Pilobolus sprang to life in 1971 from a small band of outliers, determined to make dance differently from…every other way. The collaborative group was such a success that the group has survived its original members, and generations more. No longer sprouting strangeness on the edges of the dance world, the institution of Pilobolus is instead at the center of many people’s idea of what contemporary dance is, or should be. The problem with being an institution (afloat on corporate largesse and fan expectations) is that it makes change and growth–artistic soul food–more difficult. In recent years, Pilobolus has visibly struggled with the problem of satisfying viewers and sponsors indelibly imprinted with the great dances of earlier years, while searching for ways to make new works that satisfy current times and new dancers. Their success has been mixed. They’ve brought some weak, or mediocre, or badly spliced GMO works to the stage (and this is OK, aggravating, but OK: every piece of art cannot be “the best”) but also some completely glorious new works that grow organically from the company’s sprawling underground root system.
As long as there has been a Pilobolus, the company has danced at the American Dance Festival, and the ADF has had, and continues to have, a key role, through commissioning new work, in maintaining Pilobolus’ relevance. This year, the ADF commissions include one slight and excessively silly piece, and one bold and brilliant work, Thresh|Hold, both of which had their first viewings on the DPAC stage last night.
In their effort to sustain their vitality, Pilobolus has for a number of years been working with a variety of outside choreographers from around the world. For Thresh|Hold, it was Venezuelan Javier de Frutos who collaborated with the company, and the result is the most directly emotional piece I’ve seen from them. Although less involved and less spectacular–less entertaining–than many of the recent new works, Thresh|Hold is more important, artistically: it slams, slithers and slices to the core of a universal experience–the torment of lost love.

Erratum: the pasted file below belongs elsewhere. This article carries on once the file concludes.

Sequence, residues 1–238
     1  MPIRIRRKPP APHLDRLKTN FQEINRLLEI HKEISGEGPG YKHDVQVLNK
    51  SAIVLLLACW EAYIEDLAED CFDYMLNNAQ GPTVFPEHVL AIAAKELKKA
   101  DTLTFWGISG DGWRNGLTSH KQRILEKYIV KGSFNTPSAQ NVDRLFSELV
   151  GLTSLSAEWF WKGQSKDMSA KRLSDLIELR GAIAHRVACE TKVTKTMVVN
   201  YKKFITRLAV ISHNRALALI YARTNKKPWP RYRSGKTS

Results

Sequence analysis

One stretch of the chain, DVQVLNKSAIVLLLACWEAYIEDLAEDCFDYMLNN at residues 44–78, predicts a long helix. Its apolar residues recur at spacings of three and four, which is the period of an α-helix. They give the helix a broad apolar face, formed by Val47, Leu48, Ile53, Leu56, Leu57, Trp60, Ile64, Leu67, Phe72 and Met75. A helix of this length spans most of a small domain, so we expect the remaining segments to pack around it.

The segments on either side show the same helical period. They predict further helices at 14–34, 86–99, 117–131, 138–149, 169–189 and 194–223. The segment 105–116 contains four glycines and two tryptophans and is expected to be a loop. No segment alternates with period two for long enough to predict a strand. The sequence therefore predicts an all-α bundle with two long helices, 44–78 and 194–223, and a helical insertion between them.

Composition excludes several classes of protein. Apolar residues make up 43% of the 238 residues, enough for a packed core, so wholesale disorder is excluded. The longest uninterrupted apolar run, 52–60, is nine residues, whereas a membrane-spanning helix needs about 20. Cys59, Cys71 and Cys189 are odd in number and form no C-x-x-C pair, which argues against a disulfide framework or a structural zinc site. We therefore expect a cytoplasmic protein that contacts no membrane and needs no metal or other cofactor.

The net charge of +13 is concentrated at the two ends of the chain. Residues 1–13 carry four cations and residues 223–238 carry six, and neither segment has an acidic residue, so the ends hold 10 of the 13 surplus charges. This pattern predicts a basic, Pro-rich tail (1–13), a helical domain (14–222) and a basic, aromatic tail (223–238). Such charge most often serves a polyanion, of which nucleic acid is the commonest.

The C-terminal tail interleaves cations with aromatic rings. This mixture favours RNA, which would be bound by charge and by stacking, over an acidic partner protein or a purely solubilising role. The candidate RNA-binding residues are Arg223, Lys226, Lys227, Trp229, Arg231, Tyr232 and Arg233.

For one woman, four men, and a door, with a powerful score by David Van Tieghem, Thresh|Hold goes into the memory of a woman as she struggles with the multi-formed man no longer hers. The authenticity of this nonverbal testimony is staggering. The door of memory changes location and swings both ways; the woman willingly enters and attempts to escape. She looks back, wrestling with brutal henchmen; she searches for their fallen angel. The door spins, the henchmen take her down, she writhes away, longing driving her towards acceptance, resignation and even a tender remembering of the time before love crashed and burned, and her man still flew with the angels. Although not as ravishingly lovely as last year’s premiere, On the Nature of Things, Thresh|Hold has more dancing, and it is hot. I half-expected to see the flames burst along the dancers’ paths, as I could feel them roaring in the woman’s head. And maybe more importantly, Thresh|Hold uses all the classically Pilobolean elements (power lifts, dragging, conglomerations, weight transfers, great lighting) in fresh ways.
The evening opens with the 1991 Sweet Purgatory (an ADF commission), which I’ve always taken to be about love. It’s set to Dimitri Shostakovich’s Chamber Symphony, op. 110a (orchestral arrangement by Rudolf Barshai), and is almost ridiculously beautiful. What with the plangent strings and the piercing brass and the balancing bodies, I was wiping tears from about 30 seconds in. Any time is a good time to see this one again, but its presentation before Thresh|Hold made this a Pilobolus program that will long resonate in memory.
The two were separated by a silly and rather patience-trying tidbit, Wednesday Morning, 11:45, which itself was preceded by one of the videos Pilobolus has been irritating audiences with for several years. Honestly–we are in a live theater, we do not need self-promoting videos between the acts, like ads on TV. Fortunately, the company did not place one of these advertorials between Thresh|Hold and the glorious and well-loved Day Two (1980, original direction by Moses Pendleton), which closed the program. There was an actual intermission, during which one could talk about the work with one’s friends.
The creation story as told in (the King James Version of) the Old Testament says that on the second day, God commanded: “Let there be a firmament in the midst of the waters, and let it divide the waters from the waters.” Unrecorded in any history, Goddess Gaia must have said on that day: “and let all the creatures rise and play, each in its special way.” It’s all here, in Day Two, with the lovely cool lagniappe of the encore as a blessed bonus on a hot night.